Previous studies have shown that TBS can assess the bone quality of secondary osteoporosis and predict fracture risk independently of BMD and FRAX scores. When combined with any method, it can increase the accuracy of fracture prediction. However, there is a lack of research on TBS about PHPT in China. Therefore, the present study studied the role of TBS in assessing bone quality in PHPT patients.
In the present study, it was found that sixty-two per cent of PHPT patients exhibited bone microstructural deterioration. Moreover, thirty-nine per cent of patients were diagnosed with osteoporosis by DXA. Similarly, seventy per cent of hypercortisolism patients had bone microstructural deterioration, and only twenty-two per cent were diagnosed with osteoporosis by DXA. A retrospective study involving 72 PHPT patients by Manuel et al. obtained similar findings. Accordingly, 73.6% of PHPT patients had a decrease in TBS, and 37.5% of patients were diagnosed with osteoporosis based on BMD. Silva and colleagues and Vinolas et al. also obtained similar findings in PHPT patients and hypercortisolism patients, respectively. In combination with the results of the current study, there is sufficient evidence to claim that a difference between TBS and BMD exists when assessing patients’ bone health. Moreover, studies have suggested that the combined application of TBS and BMD increases the sensitivity of bone strength assessment in patients with secondary osteoporosis. So, the aim is to draw conclusions which index has higher sensitivity or specificity for the occurrence of fragility fractures of clinical concern.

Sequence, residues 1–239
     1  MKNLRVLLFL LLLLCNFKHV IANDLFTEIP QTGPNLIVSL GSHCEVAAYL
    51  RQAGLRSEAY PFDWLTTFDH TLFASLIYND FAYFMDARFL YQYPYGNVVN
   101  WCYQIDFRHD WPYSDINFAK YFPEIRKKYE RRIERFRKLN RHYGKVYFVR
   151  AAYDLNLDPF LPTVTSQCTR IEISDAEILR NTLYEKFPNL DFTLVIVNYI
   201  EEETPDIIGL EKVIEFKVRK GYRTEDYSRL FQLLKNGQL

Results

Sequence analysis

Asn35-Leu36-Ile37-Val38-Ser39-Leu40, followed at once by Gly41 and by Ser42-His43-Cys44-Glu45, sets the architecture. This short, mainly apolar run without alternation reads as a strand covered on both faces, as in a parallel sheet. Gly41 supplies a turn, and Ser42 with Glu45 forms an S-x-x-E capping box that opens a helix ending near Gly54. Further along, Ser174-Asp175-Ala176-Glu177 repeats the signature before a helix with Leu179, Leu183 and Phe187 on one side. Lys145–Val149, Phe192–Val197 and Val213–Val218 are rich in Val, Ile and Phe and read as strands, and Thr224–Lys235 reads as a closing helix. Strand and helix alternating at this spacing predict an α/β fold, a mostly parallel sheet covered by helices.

In this study, it was found that the BMD of the lumbar spine, femoral neck, and total hip of PHPT patients were significantly lower than that of the patients in the hypercortisolism group. However, there was no statistical difference in the TBS and fracture rate between the two groups. Hypercortisolism patients have higher BMD than PHPT patients. However, the incidence of fractures was similar in the two groups, suggesting that hypercortisolism patients are more prone to fractures and BMD is less sensitive to predict fracture occurrence in these patients.
Furthermore, a logistics regression analysis was conducted on the occurrence of osteoporosis and it was found that TBS is a predictive factor for osteoporosis in PHPT patients. After adjusting for confounding factors such as age, gender, and BMI, TBS still had a similar predictive effect. On the contrary, for patients with hypercortisolism, TBS is meaningless, even after adjusting for confounding factors. The reason could be that hypercortisolism patients may have a longer medical history than those in the PHPT group. Reportedly, TBS is an early predictor in hypercortisolism patients. Considering that some of the participating patients had hypercortisolism with a longer medical history, it could be considered as the reason why TBS is a non-osteoporotic predictor for hypercortisolism patients.